Mike’s articles are both informational and raising questions and topics for discussion. His word is so influential that he has frequently provoked revisions of strategies in the SEO world, as well as urgent processual or technical changes within companies such as Google, for instance. I believe our industry is happy to have him, and I hope he will stick around for many more years.

 

Andrew Shotland

 

I have to start with one of Mike’s very first posts - The Basics of Listings Success. As he put it back then:

“Unlike optimization for organic search, optimization for local search at the major engines is in a much less developed state. It seems to have many fewer people poking, prodding and testing the hypothesis of local search and coming up with a definitive set of best practices. This is list is an attempt to create that model that we can all test. Have a go and let me know.”

Every couple of years a new wild west emerges via the Web. This post documents a time when Local still had room in it for wide-eyed optimism and Mike’s eyes proved to be both the widest and the narrowest at the same time. Getting a bit misty…

Of course I loved when he first started acknowledging how screwed up this Local stuff was for small businesses, in his own inimitable style. From the classic “Local Data Accuracy – a Veritable Beehive“:

“The group is a regular beehive of activity with a surprising amount of input from small business owners. But it is a beehive in which the keeper just stuck his hand into the hive and stirred things up by sticking the bees in the wrong place and the bees are mad!”

I think Mike’s post about the difference between ValPak’s coupons and everyone else’s in Google Maps was when I first started to be in awe of Mike’s obsession with the minutiae of Local. I mean who else was writing about the pixel size of fucking coupons at that point?

If I had to pick a favorite, it probably has to be Google Local: Train Wreck at the Junction. Mike seems to be pretty tight with the Google Local team, or at least as tight as they can be with anybody. And still Mike cannot stop speaking truth to power as it were. While there have been plenty of SEO bloggers bitching and moaning about Google Local’s shortcomings, this post solidified his rep as perhaps its finest critic.

And of course any post mentioning Barbara Oliver, one of Buffalo’s finest jewelers, is always a winner.

 

Me

 

This is too tough.  But I’ll channel my inner monk-like ascetic powers and name only 7 posts (in no particular order):

Principles for a Review Plan: Considerations in Encouraging Customer Reviews

Infographic: Citations – Time to Live – a joint research project / post with Mr. David Mihm

Asking For Reviews (Post Google Apocalypse)

Which Review Sites Should You Use?

What Does My Business Tell Us about the Future of Google Plus?

Yext & Local SEO

What Does a Link Campaign Look Like for Local?

 

To sum up all thoughts on Mike’s posts:


What are your favorites so far?

Leave a comment!

Print Friendly

Hear Me Blab about Categories for Local SEO

Mike Zaremba of Radical Mustache has started a great podcast series on local SEO.

It has a bent toward restaurants, because many of his clients and audience are restaurateurs.  But the subject matter applies to any kind of business.

The other day, Mike asked me some tough questions on the topic of categories.  You can listen to the podcast here:

A Guide To Proper Category Association With Phil Rozek

You’ll also find some non-audio resources.

Thanks to Mike for a great chat.  By the way, I suggest you check out his blog.

Especially if you listen to all 45 minutes, let me know what you think!

Print Friendly

Google Places Support Claims Descriptions Help Rankings?

Google has always kept their cards close to the vest regarding local ranking factors.  They never get into specifics. Also, I’m not alone when I say that the “description” or “introduction” field of your Places page doesn’t seem to influence your rankings for the better (although extreme keyword-stuffing can get you penalized). It’s for those […]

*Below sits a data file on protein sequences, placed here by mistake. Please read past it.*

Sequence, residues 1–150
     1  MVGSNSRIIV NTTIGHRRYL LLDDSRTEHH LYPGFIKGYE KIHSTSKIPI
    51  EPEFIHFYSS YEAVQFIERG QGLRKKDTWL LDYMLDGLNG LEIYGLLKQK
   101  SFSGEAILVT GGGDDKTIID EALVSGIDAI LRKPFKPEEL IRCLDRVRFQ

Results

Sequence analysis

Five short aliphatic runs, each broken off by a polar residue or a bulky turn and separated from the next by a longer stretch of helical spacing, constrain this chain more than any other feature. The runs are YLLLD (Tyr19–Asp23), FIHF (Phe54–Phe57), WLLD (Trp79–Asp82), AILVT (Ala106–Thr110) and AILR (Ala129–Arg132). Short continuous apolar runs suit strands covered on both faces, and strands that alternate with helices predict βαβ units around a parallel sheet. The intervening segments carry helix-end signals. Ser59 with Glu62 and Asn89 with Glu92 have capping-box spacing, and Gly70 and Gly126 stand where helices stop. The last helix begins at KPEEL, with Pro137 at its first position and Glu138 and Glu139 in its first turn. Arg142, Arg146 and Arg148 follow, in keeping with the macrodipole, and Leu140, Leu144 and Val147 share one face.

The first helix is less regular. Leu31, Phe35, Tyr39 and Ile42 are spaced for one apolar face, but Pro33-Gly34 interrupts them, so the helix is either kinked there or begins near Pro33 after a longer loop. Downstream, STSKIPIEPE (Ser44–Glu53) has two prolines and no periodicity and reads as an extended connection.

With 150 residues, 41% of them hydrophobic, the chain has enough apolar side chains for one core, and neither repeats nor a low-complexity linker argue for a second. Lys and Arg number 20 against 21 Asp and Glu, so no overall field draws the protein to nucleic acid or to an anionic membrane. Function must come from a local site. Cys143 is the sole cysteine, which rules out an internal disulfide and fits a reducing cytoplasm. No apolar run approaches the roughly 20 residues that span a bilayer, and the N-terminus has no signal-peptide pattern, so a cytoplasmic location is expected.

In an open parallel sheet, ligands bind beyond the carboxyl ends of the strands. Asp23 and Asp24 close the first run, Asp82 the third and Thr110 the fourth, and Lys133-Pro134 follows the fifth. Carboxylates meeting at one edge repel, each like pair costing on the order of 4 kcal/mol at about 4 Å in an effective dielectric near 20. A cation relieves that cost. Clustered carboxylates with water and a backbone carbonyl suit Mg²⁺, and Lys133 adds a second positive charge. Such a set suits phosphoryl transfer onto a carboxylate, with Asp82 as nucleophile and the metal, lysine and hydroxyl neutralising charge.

Print Friendly
[Continue reading…]

Crackdown on Service-Area Businesses: the Untold Story of Google’s Local “Pigeon” Update?

Since the “Pigeon” algorithm update last week, we’ve seen a decline in Google Places 7-pack results, plus local rankings reshuffled at least a little bit in most markets. Has all that commotion covered up a crackdown by Google on service-area businesses (businesses, like contractors, that travel to customers rather than the other way around)? I’m […]

Print Friendly
[Continue reading…]

Local Business Schema.org Q&A: Tough Questions for David Deering

If you’ve wrestled with local SEO for more than a few days, you probably know what Schema.org markup is.  (And if you don’t, read this and this and loop back here.) You probably have questions about how to use Schema on your site.  Me too.  That’s why I’ve turned again to structured-data ace David Deering of […]

Print Friendly
[Continue reading…]

Real Names Not Needed for Google+ Reviews: Smart or Stupid Move?

  Google no longer requires reviewers to use their real names when reviewing businesses on Google+. This is a complete turnaround of the policy Google has had for the last few years.  It’s the latest step in Google’s long push to get more Plus users, mostly for data-mining purposes. As you can tell from the […]

Print Friendly
[Continue reading…]

Low-Tech Local SEO Fix-ups for Your Site

You can’t make big or technical changes to your site, for whatever reason.  (Maybe you just aren’t sure how.)  Your options may be limited, but you still want to start ranking in Google Places and elsewhere. Maybe your webmaster pulled a Houdini on you.  Or selfishly went belly-up at just the wrong time (before you’re […]

Print Friendly
[Continue reading…]

How to Pick (or Improvise) the Right Schema.org Markup for Your Local Business

This one’s going to take a little ramp-up.  Hang with me. What’s Schema? Schema.org is a type of markup for your site that Google, Bing, and Yahoo promote. The idea is it helps you tell search engines exactly what a specific piece of content on your site is.  For example, you’d use different Schema if you want […]

Print Friendly
[Continue reading…]

The Dark Side of Local SEO

Visibility in the local rankings is a good thing.  If I didn’t think so, I’d do something else for a living.  And if you didn’t think so, you wouldn’t be reading this But even high rankings in Google Places and beyond can create side-effects you didn’t expect. Most business owners won’t experience that mostly-good problem.  […]

Print Friendly
[Continue reading…]

Local Citation Cleanup Hack: Check BBB

This is one of the few posts I’ve done that’s probably more applicable if you’re a local SEO geek than if you’re a business owner.  But I hope it’s useful in either case. As you probably know, having inconsistent NAP info floating around the Web can hurt your rankings (a lot).  You’ll need to correct […]

Print Friendly
[Continue reading…]